Five. That's how many cities hold Antarctic gateway status in the world, and Ōtautahi Christchurch is one of them.
The garden city, along with Chile's Punta Arenas, Hobart, Cape Town and Argentina's Ushuaia play host to national Antarctic programmes from around the world. From there, they all travel to the white continent, which is preserved for environmental protection, science and peace.
We often forget how rare and important the gateway status is for this city and Aotearoa in general.
The influx of people who come to Christchurch as a stepping stone to Antarctica is something which can slip under the radar.
You only need to look to the summer sky and see the United States C-17 Globemaster III flying overhead to understand something special happens here in Ōtautahi.
Before COVID-19 impacted travel across the globe, the direct economic contribution of Antarctic-related activities to both the Canterbury and national economies was steadily growing year on year.
In 2019, we estimate these activities directly contributed $142 million to Canterbury and $208m for New Zealand as a whole. With this economic contribution comes employment opportunities, with estimates it contributed 3945 jobs to Canterbury in 2019, and 7891 to New Zealand.
As we move into our new normal of living with the virus, and Antarctic science ramps back up, we look forward to more economic growth.
Christchurch has long had a connection to Antarctica. You don't have to venture far to see traces of Antarctic exploration.
Robert Falcon Scott's statue, the bronze husky in Lyttelton, and Godley Head's Terra Nova Hut are all reminders of the explorers who made Christchurch their last stop before heading into the icy unknown.
A century later, Christchurch still acts as an important gateway, but it does look a little different.
These days, Antarctica New Zealand is based next to Christchurch International Airport, which as many avid plane-spotters will know, is a hive of activity during the summer science season.
From August to March scientists and personnel come in and out of Scott Base, where we provide logistics support so they can conduct their research.
Most of this work looks at climate change and the impact it will have on Antarctica's ice mass, atmosphere, ecosystems and ocean circulation.
Holding about 70 per cent of the world's freshwater as ice, it's no surprise studying change in Antarctica is critical to understanding how a warming world will affect the globe.
As one of the 12 original signatories of the Antarctic Treaty, New Zealand plays a key leadership role in preserving the continent for peace and science, bringing to life our notion of kaitiakitanga.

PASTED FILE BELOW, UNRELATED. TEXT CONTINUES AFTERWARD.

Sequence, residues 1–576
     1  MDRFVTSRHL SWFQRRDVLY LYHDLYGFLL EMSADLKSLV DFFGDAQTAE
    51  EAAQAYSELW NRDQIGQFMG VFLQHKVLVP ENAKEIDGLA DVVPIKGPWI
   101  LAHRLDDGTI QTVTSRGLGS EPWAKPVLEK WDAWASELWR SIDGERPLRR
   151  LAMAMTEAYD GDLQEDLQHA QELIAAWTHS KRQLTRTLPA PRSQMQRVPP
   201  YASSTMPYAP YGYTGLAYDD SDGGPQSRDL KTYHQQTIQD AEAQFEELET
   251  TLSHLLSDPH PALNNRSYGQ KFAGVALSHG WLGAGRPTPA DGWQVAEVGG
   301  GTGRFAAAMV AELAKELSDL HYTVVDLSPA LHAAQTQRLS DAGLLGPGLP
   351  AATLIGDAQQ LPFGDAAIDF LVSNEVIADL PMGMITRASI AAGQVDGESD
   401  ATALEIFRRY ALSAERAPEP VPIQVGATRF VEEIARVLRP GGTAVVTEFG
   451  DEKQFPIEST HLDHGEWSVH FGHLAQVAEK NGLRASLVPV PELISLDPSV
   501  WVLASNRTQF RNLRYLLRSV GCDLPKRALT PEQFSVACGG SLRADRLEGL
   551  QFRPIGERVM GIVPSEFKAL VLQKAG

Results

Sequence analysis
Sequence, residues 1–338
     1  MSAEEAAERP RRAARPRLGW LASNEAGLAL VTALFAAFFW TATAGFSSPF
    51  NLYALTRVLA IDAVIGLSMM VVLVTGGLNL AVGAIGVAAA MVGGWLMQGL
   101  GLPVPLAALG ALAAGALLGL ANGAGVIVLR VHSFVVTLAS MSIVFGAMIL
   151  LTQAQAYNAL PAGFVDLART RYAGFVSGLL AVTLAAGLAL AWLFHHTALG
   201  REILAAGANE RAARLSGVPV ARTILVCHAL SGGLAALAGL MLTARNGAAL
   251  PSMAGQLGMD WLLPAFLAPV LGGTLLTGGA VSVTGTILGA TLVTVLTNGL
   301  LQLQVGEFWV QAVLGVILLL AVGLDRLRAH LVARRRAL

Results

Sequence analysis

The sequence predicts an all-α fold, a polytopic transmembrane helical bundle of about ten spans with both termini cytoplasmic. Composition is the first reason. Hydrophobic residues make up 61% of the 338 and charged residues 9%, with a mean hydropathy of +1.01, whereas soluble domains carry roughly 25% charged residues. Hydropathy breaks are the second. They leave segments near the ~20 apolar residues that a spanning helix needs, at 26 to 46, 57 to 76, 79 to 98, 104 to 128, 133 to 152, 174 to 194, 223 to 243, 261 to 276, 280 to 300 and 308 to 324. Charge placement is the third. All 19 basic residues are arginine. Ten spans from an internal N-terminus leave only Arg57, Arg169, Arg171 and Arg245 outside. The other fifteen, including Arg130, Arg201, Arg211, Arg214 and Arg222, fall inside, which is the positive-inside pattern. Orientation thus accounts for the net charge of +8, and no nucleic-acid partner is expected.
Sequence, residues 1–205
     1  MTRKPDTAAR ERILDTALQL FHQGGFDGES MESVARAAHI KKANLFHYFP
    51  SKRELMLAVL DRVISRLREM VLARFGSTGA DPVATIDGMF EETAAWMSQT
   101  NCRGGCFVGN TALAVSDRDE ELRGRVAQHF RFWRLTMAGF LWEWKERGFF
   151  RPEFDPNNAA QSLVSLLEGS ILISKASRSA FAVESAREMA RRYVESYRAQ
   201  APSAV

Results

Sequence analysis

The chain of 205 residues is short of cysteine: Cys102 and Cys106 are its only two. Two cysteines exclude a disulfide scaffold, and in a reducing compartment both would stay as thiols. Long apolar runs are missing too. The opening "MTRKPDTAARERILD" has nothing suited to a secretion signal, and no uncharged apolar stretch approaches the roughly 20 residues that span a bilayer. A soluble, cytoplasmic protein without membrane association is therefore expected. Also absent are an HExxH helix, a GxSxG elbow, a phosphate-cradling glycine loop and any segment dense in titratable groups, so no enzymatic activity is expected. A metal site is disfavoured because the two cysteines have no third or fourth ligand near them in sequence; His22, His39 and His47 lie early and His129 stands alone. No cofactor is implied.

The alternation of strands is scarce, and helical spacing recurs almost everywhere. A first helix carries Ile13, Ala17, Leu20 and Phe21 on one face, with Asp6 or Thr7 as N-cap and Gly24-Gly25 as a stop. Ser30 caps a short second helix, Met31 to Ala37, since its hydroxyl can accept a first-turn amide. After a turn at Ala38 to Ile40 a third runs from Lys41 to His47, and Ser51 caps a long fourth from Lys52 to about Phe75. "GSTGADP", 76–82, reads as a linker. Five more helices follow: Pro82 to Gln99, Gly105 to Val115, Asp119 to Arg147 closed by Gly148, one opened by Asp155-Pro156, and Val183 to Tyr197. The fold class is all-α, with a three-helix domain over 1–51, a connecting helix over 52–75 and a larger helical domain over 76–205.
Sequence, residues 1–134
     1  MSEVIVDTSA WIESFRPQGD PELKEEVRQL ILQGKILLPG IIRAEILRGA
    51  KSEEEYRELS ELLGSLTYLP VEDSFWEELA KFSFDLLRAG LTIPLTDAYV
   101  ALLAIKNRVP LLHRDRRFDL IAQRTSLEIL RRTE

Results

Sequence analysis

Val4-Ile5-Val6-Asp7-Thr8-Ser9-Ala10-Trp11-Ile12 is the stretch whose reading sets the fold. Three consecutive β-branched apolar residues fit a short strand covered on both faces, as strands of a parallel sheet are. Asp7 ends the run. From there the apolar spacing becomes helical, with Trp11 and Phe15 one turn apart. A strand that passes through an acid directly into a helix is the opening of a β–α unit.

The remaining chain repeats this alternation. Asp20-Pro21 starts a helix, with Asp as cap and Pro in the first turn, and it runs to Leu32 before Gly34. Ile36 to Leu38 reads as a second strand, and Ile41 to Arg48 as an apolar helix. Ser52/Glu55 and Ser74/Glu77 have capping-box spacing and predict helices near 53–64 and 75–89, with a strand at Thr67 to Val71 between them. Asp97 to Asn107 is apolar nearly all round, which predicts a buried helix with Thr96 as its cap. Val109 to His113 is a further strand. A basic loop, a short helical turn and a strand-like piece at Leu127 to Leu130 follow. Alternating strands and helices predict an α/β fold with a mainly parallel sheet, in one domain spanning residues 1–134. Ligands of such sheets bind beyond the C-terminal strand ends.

One of the incredible things about this role is the meaningful relationships we have with a number of organisations and countries.
We share our precinct with the International Antarctic Centre, along with the United States, Korean and Italian Antarctic programs. At times, Germany, France and China also use Christchurch as their gateway to the Ross Sea region.
The New Zealand Defence Force plays an extremely important part providing air transport via RNZAF C-130 Hercules' and Boeing 757 aircraft, along with logistics support and taking personnel out of the city.
These resources feed into the joint logistics pool we share with the United States and collaborative activities with Italy. In return, we're able to use their resources, including the US C-17, which comes to Christchurch every summer season with its crew.
During the 2021-22 season, Christchurch saw 110 flights come in and out of McMurdo Sound with 936,942 kilograms of cargo and 2295 passengers moved.
It's always great to see these visitors out exploring our new city while they're in town, and we see many stay on for tourism.
We also benefit from having Lyttelton Port Company on our doorstep. Last season the HMNZS Aotearoa docked there on her maiden voyage to Ross Island. She, along with the MV Ocean Giant, carried important supplies, equipment and science buildings bound for Scott Base.
There are only five cities in the world that deliver this capability and commitment to science and stewardship in Antarctica. We're privileged to operate out of the garden city and the wider Canterbury region.
As our growing team embarks on the biggest project we've ever undertaken – redeveloping Scott Base – Canterbury will play an even more important role in that success.
Christchurch will continue to strengthen its gateway city status. Meanwhile, Timaru will play home to the construction site of the redevelopment before it's shipped to Antarctica in modules in the 2026-27 season. We estimate this will generate up to 700 jobs for the region over the four-year life of the project.
So next time you hear the mighty C-17 flying overhead, think of our connection to Antarctica and the contribution Christchurch makes to science on the ice.
The discoveries made at Scott Base will help us plan for the future both here in Aotearoa and around the world.